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Diabrotica virgifera Le Conte, 1868 (western corn rootworm)
is an important maize pest in North America. It was originally restricted to Nebraska, Colorado and Kansas but has extended its range eastwards since around 1950. It has been introduced into Europe, apparently repeatedly, starting in the early 1990s when it was first detected in Serbia. Other parts of Europe were subsequently invaded.
The adults feed on the foliage, pollen and maize silk. They lay their eggs in the soil near the base of a host plant where they overwinter. After hatching, the larvae bore into the roots causing the main damage. In North America, yield losses together with the costs of control operations have been estimated at around 1 billion US$ per year (Tinsley et al. 2013) and at more than €100 million in Europe.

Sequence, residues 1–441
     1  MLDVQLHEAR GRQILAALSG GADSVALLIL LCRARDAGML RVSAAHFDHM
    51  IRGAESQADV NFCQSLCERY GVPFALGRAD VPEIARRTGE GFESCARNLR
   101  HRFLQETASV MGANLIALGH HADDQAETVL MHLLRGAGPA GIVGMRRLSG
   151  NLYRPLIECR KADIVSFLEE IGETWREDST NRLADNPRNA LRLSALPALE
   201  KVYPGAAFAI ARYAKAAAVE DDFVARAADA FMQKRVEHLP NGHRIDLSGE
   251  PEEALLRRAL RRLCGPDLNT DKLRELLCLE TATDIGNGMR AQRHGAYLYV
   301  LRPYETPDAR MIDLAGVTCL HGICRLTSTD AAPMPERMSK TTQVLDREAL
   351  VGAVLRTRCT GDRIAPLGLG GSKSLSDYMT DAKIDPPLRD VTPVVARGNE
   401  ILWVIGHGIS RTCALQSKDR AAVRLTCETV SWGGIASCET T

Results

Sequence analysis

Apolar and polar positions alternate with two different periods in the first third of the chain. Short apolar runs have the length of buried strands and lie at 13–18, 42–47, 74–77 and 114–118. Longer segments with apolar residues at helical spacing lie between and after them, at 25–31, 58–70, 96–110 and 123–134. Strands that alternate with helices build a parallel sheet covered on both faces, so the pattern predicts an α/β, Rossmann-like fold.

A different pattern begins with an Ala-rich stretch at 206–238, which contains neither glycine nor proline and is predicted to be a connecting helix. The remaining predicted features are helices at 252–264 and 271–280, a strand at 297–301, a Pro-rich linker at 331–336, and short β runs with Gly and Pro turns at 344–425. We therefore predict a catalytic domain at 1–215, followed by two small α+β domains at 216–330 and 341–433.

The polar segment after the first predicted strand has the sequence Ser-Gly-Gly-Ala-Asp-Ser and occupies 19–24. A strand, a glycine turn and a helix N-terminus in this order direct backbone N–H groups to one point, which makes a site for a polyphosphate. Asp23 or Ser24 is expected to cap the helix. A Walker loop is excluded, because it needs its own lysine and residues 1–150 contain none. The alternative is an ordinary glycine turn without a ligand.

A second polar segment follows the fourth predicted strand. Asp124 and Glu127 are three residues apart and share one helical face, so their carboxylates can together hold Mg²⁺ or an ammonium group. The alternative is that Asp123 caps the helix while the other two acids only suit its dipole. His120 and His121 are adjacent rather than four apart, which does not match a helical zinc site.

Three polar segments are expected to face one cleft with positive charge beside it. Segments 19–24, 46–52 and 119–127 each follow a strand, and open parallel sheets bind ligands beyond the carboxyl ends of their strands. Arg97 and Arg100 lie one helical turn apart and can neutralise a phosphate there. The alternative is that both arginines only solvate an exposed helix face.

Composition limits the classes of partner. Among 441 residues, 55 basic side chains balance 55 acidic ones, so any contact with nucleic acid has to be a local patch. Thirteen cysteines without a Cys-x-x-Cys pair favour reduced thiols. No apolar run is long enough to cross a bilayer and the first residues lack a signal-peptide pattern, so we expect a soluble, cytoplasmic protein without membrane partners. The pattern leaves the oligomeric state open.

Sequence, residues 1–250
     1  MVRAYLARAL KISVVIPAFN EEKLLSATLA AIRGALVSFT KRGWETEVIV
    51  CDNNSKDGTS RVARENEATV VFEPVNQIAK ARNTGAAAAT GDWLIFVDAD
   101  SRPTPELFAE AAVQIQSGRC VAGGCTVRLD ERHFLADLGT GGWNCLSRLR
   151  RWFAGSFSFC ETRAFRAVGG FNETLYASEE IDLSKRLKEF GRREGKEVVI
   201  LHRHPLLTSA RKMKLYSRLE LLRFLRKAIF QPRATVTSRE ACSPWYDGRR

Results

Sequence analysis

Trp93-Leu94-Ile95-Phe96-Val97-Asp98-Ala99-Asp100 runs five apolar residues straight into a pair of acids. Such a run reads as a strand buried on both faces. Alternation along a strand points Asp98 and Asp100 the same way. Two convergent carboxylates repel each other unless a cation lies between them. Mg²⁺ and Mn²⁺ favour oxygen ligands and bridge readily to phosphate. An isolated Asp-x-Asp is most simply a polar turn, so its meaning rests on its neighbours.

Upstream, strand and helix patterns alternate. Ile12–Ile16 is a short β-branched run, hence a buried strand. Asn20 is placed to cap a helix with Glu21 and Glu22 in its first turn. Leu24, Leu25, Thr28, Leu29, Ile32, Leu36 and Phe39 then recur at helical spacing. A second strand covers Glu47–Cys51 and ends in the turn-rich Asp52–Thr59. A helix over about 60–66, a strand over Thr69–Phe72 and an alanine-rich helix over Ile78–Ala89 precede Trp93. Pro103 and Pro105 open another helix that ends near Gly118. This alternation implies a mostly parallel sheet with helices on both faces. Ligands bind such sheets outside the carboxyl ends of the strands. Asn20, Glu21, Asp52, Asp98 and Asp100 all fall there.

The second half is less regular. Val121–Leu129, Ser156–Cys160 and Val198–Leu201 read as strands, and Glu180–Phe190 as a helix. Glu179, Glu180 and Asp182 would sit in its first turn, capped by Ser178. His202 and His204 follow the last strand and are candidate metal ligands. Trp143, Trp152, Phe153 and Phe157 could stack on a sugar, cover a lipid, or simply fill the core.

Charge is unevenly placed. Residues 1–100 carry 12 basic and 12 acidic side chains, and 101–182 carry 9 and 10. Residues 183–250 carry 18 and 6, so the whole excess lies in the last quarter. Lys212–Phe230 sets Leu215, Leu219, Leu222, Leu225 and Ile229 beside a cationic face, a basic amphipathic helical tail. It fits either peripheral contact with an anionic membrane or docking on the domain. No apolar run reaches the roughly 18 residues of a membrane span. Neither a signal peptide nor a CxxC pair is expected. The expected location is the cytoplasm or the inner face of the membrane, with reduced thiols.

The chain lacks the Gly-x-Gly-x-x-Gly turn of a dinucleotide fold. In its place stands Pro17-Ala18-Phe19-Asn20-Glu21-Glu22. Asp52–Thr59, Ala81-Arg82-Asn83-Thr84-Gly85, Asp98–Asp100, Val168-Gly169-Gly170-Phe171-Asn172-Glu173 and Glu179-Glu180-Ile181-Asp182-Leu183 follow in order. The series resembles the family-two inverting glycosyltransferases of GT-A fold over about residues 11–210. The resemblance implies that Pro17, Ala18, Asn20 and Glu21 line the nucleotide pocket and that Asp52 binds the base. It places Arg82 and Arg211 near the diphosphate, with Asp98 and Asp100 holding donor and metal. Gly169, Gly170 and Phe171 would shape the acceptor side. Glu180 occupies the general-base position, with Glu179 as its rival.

Crop rotation is recommended as the main management strategy. In North America, crop rotation with soybean has long been used. However, around the turn of the century, D. virgifera populations which also attack soybean have appeared. The development of resistant transgenic maize cultivars has reached the field testing stage.
|• Deutsch:||Westlicher Maiswurzelbohrer|
|• English:||western corn rootworm
Mexican corn rootworm
|• Français:||chrysomèle des racines du maïs|
Two subspecies have been recognized:
• Diabrotica virgifera virgifera in northern U.S.A. and Canada, and
• Diabrotica virgifera zeae Krysan & Smith (Mexican corn root worm) in southern U.S.A. and Central America.
Some authors consider the subspecies to be separate species.